The Incomparable Lessons of Benjamin Hersh
Updated: Dec 27, 2018
My cousin Ben died last week. He was 33.
We’re never really prepared for this kind of loss and we all sit with and process it differently. I got the call from my crying mother and quite literally was without words. Sitting with her in her pain seemed to quiet both my heart and mind. When we parted ways I messaged my wife and asked her to call me – a moment later I picked up the phone, breathed in deeply, and spoke the words, “Benny died this morning.” And with that, I broke down.
A couple days later I was on a plane to Milwaukee to attend his funeral service and burial. Just the day before, Ben’s sister and her husband had to fly back from a work trip in Australia. From near and far they came – some 200 people – to celebrate Ben’s exceptional life and share the joys and pains together. You see, Ben was a special kind of special, the inevitable product of the special family he was a part of.
Ben had severe cerebral palsy. He never walked a single step nor spoke a single word. His body made every part of life a challenge beyond my comprehension. Confined to a motorized wheel chair Ben required a constant kind of specialized care many parents would feel beyond their capacity – and rightfully so. But not Ben’s parents. My aunt and uncle saw this child as no less worthy of love and life than their other three. It came to them without question that he would have as full a life as possible. In this they succeeded beyond compare.
Ben lived all 33 years at home with family constantly by his side and enjoyed all the ups and downs that come with a loving family. He was loved deeply and wholly, he felt joy and excitement and accomplishment, and he experienced frustration and annoyance that only family can elicit. He was confined to a chair but not his home – Ben traveled around Milwaukee and beyond, volunteering locally and participating in family reunions and celebrations around the country. That is to say, his life was indeed full.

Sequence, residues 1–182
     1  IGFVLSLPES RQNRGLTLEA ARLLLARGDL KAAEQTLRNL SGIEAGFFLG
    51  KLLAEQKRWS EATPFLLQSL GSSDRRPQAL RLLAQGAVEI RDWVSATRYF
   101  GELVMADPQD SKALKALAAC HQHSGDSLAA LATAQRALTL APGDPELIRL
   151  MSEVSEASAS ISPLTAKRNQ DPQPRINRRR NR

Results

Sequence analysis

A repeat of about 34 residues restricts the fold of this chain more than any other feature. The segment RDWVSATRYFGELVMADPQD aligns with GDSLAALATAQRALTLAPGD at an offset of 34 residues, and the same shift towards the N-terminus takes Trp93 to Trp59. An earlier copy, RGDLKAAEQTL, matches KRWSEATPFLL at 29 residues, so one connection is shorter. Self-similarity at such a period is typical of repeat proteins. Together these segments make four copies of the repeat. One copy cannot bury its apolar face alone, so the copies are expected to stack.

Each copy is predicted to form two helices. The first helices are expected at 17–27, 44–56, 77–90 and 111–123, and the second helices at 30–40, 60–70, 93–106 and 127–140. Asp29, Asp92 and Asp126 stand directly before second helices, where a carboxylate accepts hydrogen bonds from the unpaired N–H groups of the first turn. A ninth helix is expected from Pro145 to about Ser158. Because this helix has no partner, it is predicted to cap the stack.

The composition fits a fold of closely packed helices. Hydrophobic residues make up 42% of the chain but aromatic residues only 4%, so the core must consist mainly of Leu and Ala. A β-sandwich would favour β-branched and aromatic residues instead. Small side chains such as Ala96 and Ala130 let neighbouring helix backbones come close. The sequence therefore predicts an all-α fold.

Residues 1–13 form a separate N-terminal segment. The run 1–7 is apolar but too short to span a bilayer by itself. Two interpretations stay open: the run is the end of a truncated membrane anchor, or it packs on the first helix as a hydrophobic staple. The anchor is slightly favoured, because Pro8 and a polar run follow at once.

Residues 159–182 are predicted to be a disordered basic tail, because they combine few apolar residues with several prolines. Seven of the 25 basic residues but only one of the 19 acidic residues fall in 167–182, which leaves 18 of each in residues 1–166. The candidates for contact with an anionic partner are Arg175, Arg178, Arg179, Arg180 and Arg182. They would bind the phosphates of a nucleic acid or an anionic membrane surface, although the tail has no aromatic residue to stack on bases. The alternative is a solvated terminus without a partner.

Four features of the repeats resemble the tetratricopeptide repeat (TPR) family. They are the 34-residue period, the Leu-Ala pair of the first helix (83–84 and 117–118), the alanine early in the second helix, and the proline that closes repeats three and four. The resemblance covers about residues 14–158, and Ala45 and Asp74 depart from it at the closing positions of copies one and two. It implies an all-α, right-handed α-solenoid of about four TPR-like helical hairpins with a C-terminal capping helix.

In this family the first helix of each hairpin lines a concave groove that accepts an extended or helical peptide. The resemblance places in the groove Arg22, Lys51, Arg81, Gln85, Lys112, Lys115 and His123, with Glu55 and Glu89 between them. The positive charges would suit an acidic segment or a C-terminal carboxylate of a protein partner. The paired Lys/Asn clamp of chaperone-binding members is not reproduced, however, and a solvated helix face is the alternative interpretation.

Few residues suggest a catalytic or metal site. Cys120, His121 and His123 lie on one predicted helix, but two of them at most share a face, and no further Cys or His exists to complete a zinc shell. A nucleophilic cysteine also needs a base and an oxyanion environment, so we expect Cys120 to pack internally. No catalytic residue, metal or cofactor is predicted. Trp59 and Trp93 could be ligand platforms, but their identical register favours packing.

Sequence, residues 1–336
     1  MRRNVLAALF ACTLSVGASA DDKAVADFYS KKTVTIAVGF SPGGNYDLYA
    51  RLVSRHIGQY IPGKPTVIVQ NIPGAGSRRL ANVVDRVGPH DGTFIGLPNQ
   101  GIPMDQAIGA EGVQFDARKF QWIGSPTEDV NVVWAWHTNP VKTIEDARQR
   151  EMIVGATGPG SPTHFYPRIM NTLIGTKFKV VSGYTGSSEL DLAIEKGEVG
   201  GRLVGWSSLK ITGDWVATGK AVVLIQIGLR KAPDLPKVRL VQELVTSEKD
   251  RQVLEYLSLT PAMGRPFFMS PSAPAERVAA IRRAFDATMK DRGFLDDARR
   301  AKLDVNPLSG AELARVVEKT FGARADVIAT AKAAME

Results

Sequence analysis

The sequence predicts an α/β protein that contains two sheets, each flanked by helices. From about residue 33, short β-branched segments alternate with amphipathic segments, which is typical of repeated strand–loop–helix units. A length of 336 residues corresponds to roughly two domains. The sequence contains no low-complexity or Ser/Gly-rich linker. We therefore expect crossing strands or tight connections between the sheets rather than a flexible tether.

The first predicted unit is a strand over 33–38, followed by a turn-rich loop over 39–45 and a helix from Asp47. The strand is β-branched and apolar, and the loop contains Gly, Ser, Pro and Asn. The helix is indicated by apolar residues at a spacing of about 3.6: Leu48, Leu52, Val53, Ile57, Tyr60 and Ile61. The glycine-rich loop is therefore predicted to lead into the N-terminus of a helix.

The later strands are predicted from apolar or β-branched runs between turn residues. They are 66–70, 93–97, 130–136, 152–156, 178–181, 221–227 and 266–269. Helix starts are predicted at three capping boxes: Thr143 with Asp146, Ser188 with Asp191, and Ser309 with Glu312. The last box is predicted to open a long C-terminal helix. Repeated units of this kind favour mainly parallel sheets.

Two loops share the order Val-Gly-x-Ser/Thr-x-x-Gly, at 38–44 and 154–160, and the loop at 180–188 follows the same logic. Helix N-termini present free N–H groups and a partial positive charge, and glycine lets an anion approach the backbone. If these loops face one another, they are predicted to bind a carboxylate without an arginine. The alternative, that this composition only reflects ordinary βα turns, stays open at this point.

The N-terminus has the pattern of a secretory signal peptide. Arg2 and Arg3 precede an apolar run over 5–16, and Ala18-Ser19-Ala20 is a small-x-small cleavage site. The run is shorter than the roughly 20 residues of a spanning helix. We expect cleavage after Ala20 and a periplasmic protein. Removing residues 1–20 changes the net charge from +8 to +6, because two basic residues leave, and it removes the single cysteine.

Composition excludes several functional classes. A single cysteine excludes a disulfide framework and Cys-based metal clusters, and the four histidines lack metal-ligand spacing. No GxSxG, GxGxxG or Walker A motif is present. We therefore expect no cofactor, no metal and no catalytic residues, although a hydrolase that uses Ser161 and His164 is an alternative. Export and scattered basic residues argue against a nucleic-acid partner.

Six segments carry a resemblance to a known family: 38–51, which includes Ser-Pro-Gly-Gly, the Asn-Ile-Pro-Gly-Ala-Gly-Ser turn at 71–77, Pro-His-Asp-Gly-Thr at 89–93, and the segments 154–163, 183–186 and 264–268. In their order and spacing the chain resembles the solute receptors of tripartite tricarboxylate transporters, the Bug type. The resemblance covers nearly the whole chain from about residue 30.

These past few days, from the news of his death to his funeral and burial to the lonely flight home and through a Christmas eve with my wife and her parents, I’ve been thinking a lot about Ben. It feels right for me to share some of the lessons Ben offered so many:
1) Optimism: Ben was the very definition of an optimist. Martin Seligman, the “Father of Positive Psychology,” discusses optimism through the prism of explanatory style. That is, how we explain life’s circumstances and experiences in reference to ourselves. In a nutshell, a pessimist believes they are a victim of life whereas an optimist believes they have a say in the life they live.
Ben had every right to complain. He was born with a condition that would limit his potential, eliminate most opportunities, and challenge him with every breath. Yet, in the 33 years I knew him I never once heard him complain. Not once! When Ben would use his computer speech device he would talk of the grand things to come – a girlfriend, marriage, a cruise for our next family reunion. Ben always believed great things were coming for not only him, but all those he loved and cared for.